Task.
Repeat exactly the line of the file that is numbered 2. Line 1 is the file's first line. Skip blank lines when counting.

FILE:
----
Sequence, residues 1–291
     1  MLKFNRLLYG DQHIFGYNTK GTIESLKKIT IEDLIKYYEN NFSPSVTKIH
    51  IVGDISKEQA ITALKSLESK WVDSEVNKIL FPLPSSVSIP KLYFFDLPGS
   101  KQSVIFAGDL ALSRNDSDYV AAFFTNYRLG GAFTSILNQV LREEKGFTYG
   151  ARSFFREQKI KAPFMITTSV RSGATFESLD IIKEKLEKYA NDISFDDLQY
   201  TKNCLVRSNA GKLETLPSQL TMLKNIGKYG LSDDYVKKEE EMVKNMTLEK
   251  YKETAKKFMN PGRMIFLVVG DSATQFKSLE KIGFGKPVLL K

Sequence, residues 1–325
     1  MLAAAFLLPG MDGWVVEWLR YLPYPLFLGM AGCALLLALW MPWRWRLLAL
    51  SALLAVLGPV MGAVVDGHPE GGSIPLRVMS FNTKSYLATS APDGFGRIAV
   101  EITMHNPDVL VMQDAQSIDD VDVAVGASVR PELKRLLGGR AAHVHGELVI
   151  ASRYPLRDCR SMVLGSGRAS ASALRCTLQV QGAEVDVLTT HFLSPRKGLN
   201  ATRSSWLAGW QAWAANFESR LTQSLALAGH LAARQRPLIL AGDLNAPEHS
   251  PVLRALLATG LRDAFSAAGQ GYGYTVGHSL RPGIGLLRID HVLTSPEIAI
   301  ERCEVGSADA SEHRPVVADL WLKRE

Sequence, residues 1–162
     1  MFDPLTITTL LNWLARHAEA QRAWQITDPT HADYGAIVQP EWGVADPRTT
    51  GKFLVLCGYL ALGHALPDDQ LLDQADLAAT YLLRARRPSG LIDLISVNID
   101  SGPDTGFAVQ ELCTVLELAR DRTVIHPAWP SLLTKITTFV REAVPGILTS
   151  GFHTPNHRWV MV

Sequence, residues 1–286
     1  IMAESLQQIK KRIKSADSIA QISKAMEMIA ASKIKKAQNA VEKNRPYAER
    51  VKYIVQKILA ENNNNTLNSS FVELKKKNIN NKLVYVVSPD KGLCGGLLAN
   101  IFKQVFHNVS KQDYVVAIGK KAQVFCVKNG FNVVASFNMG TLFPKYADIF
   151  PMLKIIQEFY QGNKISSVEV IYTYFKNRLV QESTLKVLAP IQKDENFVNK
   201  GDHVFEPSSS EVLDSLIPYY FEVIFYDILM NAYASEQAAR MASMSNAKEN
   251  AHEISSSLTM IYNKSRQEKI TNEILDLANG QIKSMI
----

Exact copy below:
     1  MLKFNRLLYG DQHIFGYNTK GTIESLKKIT IEDLIKYYEN NFSPSVTKIH